Wang found it interesting that the Victoria's Secret model wearing the "Sexy Little Geisha" was not Asian, but white. A few years ago, the company drew fire for a fashion show segment in which black models wore body paint and African-themed wraps.
Cornell University's Minh-Ha Pham, an academic whose research focuses on the convergences of race, gender, fashion and social media, said it was significant that the model was obviously white.
The image was a version of racial drag that has a long history in the United States, said Pham, curator of the blog Of Another Fashion. "Playing Oriental" can be traced back to 1900s Vaudeville stages, where playing out fantasies of racial exoticism (as a way of dealing with racial anxieties) was a wildly popular cultural activity.
"That Victoria's Secret produced such a line based on racial drag makes a kind of sense in that lingerie is so much about fantasy and fetish," Pham said. "Playing Oriental is clearly a part of that wheelhouse."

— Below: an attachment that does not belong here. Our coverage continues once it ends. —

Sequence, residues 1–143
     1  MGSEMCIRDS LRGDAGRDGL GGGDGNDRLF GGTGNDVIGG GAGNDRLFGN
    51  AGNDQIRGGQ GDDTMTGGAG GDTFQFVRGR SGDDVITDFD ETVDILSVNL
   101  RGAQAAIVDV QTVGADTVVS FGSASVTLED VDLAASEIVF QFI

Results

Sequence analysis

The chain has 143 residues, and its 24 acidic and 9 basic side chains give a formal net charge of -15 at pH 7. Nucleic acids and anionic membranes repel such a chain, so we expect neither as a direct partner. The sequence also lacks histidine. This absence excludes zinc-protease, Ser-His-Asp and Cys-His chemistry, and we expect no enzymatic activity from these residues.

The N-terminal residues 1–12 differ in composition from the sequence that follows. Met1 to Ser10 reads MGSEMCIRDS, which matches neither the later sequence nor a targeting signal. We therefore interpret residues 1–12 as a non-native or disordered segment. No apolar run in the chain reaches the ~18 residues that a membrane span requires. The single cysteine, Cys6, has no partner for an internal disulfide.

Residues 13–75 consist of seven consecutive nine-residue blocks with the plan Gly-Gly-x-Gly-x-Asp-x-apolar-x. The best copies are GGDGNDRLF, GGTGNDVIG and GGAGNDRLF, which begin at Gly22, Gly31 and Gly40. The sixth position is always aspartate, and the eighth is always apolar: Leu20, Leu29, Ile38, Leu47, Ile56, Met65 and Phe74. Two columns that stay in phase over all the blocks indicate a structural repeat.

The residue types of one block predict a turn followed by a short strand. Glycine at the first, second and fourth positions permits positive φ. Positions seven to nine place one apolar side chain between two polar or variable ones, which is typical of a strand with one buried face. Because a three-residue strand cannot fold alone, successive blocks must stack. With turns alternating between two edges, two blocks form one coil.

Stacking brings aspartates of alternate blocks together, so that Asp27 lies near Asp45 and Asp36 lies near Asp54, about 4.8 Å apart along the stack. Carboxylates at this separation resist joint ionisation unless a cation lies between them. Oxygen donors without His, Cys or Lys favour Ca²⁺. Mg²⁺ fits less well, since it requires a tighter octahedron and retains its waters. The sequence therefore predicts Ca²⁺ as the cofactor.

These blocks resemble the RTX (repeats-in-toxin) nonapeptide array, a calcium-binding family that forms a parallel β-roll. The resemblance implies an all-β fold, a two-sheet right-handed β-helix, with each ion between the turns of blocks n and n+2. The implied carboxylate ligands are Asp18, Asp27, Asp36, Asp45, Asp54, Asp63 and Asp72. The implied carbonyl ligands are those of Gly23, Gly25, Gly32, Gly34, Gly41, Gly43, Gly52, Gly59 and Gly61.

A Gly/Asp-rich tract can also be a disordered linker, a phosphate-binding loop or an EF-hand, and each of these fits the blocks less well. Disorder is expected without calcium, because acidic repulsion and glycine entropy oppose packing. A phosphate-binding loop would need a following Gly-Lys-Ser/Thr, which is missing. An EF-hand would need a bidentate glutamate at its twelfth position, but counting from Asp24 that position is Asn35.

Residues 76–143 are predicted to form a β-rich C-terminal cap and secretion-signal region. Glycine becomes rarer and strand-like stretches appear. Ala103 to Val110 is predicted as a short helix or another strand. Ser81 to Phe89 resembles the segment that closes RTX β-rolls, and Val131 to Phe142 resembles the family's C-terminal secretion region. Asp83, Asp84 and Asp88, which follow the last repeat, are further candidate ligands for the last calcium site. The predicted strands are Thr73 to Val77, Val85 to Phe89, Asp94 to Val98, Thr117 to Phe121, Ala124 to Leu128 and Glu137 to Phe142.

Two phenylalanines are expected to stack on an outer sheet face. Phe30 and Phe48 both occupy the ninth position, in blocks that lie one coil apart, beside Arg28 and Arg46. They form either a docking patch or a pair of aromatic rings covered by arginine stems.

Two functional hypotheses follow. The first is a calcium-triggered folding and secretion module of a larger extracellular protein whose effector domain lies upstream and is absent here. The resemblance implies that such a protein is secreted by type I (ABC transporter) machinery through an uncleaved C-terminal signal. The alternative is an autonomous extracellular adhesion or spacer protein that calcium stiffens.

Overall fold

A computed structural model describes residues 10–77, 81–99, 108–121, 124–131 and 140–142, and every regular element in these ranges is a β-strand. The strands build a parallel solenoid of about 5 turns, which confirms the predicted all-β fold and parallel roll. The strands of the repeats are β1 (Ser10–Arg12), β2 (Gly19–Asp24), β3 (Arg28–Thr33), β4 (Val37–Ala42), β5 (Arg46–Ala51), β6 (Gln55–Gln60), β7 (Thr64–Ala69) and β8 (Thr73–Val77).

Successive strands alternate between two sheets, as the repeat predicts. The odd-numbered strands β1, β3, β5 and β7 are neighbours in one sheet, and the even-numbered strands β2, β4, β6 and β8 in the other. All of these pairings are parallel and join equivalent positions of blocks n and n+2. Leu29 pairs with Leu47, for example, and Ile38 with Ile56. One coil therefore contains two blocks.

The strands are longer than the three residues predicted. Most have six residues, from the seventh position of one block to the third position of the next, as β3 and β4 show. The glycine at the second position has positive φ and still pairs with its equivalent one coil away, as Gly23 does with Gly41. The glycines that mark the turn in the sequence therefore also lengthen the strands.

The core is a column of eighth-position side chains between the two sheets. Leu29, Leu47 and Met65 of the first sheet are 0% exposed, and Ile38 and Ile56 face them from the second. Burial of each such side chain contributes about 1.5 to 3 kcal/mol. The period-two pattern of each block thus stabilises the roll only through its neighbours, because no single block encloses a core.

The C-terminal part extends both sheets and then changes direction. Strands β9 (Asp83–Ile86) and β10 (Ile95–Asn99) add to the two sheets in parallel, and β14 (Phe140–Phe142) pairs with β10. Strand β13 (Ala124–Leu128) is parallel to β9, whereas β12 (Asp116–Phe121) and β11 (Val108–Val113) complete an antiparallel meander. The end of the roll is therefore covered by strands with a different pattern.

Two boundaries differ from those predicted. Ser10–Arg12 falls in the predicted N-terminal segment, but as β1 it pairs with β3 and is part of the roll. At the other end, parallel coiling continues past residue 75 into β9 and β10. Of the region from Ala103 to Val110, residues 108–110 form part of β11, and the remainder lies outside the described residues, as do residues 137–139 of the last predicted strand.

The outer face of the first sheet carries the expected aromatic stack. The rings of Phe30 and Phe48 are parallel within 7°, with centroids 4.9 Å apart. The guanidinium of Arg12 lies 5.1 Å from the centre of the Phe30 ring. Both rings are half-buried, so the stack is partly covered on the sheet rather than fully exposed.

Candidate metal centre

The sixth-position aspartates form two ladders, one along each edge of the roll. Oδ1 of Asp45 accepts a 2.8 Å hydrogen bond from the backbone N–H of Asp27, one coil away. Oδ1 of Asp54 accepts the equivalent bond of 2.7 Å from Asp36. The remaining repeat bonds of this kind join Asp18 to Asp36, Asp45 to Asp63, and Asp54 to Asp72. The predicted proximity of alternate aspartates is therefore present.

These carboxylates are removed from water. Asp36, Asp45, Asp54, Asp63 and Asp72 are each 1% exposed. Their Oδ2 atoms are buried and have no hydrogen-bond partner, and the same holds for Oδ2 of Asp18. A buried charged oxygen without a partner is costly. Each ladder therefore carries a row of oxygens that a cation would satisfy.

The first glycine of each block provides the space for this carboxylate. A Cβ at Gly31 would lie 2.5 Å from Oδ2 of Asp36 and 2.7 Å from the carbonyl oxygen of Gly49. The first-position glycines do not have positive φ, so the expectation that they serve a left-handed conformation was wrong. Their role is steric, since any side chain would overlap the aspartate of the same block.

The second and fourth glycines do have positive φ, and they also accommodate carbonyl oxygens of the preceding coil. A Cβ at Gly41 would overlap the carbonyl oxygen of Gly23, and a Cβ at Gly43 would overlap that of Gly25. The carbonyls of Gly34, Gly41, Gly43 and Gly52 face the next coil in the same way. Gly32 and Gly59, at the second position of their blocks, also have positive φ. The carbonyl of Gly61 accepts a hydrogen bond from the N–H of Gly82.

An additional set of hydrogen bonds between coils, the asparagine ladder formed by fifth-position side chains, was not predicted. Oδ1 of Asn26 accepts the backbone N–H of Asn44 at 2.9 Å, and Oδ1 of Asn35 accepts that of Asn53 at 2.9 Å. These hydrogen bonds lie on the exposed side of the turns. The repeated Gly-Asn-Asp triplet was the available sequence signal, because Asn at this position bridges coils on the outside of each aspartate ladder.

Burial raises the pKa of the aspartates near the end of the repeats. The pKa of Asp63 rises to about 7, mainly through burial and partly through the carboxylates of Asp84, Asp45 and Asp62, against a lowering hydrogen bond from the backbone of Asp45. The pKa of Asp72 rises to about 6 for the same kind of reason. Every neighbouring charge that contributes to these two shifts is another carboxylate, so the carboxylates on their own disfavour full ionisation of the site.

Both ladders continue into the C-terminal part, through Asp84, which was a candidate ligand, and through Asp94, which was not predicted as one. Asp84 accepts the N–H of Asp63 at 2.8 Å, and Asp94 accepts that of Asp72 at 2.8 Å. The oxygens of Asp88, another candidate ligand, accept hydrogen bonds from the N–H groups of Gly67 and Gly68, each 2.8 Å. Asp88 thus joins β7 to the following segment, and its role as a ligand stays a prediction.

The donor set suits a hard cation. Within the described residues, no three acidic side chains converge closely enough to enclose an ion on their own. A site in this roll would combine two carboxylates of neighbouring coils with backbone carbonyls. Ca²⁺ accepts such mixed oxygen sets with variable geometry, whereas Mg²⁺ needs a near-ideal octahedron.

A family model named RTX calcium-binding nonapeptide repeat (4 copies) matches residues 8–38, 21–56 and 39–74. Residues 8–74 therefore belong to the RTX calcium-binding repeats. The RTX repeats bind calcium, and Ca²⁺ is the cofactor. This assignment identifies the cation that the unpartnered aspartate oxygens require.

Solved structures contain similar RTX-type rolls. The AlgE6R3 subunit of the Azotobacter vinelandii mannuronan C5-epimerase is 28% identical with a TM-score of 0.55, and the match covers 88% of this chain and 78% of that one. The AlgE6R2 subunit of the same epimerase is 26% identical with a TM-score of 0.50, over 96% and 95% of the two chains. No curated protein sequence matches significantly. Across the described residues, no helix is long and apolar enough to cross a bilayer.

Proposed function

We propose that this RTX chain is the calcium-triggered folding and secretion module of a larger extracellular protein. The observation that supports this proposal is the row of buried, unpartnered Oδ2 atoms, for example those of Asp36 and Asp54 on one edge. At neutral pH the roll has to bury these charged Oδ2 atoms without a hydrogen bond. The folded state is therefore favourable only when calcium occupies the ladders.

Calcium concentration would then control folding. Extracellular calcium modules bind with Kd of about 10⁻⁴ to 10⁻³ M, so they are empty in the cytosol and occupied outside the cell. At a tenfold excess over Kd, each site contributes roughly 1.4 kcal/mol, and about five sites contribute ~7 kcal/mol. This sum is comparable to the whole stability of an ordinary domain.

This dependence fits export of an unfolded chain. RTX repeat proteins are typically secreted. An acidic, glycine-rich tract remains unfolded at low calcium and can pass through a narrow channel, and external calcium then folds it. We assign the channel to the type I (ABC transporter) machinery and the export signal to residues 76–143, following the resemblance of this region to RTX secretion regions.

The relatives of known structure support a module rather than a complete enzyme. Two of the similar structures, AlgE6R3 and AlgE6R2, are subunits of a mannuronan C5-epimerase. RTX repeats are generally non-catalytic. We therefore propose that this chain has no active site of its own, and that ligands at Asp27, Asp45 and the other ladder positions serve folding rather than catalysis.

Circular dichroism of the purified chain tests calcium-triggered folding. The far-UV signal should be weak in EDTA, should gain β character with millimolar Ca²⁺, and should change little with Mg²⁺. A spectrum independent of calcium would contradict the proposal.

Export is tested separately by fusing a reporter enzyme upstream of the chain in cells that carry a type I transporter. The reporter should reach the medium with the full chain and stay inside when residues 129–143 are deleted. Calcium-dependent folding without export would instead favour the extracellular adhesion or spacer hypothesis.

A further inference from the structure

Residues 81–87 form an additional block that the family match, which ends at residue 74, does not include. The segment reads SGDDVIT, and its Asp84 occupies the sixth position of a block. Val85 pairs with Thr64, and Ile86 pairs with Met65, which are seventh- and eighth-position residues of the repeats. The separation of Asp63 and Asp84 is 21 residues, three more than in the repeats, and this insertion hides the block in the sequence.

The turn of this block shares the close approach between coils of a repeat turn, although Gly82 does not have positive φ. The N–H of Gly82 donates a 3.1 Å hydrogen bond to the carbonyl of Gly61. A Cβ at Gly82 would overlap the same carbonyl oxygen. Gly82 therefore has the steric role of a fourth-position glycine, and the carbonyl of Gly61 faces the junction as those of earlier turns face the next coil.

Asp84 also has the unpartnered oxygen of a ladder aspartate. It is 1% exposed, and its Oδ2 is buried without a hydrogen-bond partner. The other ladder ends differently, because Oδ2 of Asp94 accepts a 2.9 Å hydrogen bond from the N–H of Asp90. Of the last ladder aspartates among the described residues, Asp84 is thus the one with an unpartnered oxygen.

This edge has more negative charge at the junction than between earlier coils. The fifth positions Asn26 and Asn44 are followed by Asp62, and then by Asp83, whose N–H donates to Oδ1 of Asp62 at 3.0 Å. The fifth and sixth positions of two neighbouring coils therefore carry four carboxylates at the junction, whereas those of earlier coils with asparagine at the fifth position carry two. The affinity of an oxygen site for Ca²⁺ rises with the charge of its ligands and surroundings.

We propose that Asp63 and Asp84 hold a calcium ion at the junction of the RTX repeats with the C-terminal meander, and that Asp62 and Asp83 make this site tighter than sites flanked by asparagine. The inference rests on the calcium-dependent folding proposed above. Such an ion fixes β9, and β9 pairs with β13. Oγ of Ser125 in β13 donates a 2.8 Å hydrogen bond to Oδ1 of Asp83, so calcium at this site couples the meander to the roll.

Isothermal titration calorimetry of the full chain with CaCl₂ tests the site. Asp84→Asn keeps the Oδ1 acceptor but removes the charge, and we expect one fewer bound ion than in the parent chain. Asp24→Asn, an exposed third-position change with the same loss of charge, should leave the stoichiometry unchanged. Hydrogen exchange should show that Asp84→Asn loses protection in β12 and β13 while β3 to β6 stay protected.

Pham found Victoria's Secret not to be very fashion-forward.
"I mean, is there anything worse than a stale fetish?" asked Pham. "This has been my gripe about racial provocations in fashion. They're often so boring."
What struck Wang when she looked at the photo was that it went against Victoria's Secret's brand of modern clothes for modern women.
For the time being anyway, Victoria's Secret is not a brand that speaks to Wang.